Established by Phillippe d’Orleans, the Duke of Chartres and cousin of King Louis XVI, Parc Monceau lies in the 8th arrondissement of Paris, stretching 8.2 hectares and renowned as the city’s first landscaped garden.
The public park was designed by writer and painter Louis Carrogis Carmontelle back in 1778 to mimic an English style garden with curved walkways and a striking series of follies built by German architect Etickhausen. In 1787, the park’s dramatic centerpiece, the Pavilion de Chartres, was erected to designs by Claude Nicolas Ledoux – a classical Doric Temple, which now features a 19th century classical dome added by architect Gabriel Davioud.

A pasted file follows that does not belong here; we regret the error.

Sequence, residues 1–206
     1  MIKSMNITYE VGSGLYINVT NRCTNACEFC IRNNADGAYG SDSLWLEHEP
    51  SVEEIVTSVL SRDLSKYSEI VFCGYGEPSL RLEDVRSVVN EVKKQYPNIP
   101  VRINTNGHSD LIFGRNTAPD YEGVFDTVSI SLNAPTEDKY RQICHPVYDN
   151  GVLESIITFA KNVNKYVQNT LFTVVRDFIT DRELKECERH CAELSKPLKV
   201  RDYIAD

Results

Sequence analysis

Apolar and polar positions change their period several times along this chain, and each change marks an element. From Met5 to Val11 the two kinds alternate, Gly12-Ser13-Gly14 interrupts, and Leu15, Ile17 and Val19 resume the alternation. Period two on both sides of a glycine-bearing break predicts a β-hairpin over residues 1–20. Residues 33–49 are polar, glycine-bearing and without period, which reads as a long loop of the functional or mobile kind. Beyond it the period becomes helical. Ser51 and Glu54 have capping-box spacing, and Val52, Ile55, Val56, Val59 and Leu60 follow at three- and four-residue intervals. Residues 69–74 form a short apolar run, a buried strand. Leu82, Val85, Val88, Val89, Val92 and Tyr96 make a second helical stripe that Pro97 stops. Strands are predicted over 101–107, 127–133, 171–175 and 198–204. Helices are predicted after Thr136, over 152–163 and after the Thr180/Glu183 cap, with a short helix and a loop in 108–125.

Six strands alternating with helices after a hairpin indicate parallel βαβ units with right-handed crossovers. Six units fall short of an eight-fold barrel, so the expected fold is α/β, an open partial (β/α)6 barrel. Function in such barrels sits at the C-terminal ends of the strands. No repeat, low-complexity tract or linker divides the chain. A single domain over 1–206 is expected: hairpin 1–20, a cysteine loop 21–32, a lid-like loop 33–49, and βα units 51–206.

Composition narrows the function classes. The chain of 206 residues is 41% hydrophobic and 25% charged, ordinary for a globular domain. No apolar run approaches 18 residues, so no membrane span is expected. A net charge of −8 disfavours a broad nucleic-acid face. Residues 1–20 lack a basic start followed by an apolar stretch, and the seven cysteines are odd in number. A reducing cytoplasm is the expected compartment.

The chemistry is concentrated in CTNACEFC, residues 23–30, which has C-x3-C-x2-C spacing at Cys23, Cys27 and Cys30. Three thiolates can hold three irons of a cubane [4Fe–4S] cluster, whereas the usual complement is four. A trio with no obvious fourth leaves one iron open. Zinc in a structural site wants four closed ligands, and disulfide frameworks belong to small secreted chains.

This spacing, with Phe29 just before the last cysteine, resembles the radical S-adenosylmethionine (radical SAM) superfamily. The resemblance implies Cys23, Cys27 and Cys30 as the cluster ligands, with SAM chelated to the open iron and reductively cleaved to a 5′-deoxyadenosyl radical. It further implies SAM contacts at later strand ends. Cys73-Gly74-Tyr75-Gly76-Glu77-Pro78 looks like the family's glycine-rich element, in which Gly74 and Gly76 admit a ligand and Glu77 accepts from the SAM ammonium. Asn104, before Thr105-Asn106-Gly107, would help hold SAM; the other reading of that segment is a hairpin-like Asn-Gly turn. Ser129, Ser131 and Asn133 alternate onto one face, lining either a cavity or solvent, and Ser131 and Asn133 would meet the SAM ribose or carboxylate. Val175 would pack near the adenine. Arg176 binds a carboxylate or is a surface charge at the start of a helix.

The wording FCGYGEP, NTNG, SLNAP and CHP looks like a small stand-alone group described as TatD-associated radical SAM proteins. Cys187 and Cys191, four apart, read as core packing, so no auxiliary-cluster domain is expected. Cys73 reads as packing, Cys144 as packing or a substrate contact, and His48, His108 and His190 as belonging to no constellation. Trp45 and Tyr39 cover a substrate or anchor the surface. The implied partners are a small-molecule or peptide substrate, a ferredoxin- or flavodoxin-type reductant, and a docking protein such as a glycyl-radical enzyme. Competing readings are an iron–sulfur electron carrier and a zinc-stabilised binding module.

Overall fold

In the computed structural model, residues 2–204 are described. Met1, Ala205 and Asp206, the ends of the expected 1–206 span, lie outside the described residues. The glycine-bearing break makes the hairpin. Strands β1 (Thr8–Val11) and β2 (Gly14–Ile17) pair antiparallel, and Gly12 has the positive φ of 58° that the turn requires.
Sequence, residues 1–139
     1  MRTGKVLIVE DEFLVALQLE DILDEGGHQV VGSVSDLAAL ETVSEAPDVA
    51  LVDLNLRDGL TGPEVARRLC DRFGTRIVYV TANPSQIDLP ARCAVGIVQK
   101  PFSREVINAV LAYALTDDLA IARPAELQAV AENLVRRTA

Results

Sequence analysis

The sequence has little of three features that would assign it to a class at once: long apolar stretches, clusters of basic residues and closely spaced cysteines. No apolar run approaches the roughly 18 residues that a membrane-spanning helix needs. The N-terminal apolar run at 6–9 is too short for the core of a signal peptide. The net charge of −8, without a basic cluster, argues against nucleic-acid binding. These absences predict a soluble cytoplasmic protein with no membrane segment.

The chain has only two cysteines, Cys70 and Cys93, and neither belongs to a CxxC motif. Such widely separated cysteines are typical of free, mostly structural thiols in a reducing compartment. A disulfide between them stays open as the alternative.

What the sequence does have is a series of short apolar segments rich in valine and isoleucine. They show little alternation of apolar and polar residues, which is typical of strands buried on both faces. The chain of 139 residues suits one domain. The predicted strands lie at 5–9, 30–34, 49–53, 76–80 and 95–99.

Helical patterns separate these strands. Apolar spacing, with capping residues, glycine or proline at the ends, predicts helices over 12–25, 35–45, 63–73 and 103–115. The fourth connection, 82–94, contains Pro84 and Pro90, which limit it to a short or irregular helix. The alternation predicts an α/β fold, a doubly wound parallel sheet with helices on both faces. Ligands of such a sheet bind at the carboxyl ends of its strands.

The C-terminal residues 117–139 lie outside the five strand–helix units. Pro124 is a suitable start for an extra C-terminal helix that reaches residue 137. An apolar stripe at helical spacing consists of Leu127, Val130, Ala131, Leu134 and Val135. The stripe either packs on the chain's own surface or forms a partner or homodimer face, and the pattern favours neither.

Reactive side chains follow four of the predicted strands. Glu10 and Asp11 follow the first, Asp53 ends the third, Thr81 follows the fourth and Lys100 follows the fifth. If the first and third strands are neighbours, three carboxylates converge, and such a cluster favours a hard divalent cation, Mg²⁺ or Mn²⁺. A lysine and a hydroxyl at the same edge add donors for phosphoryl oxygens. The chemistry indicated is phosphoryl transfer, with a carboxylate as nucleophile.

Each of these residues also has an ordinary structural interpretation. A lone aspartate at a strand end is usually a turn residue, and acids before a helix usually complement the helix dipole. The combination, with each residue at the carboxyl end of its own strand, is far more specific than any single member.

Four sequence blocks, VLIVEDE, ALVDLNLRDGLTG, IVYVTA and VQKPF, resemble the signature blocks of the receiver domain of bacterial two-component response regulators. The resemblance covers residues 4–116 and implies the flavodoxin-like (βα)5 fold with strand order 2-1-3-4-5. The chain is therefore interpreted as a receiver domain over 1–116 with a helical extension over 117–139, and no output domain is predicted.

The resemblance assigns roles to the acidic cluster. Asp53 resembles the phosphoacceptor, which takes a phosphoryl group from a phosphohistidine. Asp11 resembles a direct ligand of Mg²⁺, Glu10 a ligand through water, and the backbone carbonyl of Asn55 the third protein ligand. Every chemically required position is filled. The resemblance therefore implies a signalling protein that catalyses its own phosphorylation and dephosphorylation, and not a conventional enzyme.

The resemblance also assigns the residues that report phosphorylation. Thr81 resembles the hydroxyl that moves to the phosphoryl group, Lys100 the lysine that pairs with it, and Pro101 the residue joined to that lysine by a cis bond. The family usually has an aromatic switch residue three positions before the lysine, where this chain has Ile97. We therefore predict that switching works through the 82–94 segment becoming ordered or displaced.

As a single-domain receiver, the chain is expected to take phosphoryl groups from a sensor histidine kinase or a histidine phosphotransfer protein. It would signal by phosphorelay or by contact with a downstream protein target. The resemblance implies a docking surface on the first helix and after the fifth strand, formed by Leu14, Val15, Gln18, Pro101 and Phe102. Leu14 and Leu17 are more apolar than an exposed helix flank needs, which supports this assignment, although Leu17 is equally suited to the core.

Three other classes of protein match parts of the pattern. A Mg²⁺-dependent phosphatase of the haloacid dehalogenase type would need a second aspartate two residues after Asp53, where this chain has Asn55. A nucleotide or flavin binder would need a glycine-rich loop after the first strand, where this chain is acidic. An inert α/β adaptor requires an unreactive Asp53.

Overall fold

After being sold to the city of Paris in 1860, sections of the park were remodeled, with housing built on the park’s flanks and a exotic trees and flowers planted around the gardens. Today, many of the original follies remain, including a small-scale ornamental Dutch windmill, Corinthian pillars, an Egyptian Pyramid, an Italian vineyard and a minaret. The Grade II listed park is also famous for its statues of significant French writers and musicians, with sculpted works including Guy de Maupassant, Alfred de Musset, Frederic Chopin, Charles Gounod and Ambroise Thomas. The park remains one of the most picturesque of Paris’ many green spaces, famously inspiring a series of five paintings by celebrated French Impressionist Claude Monet.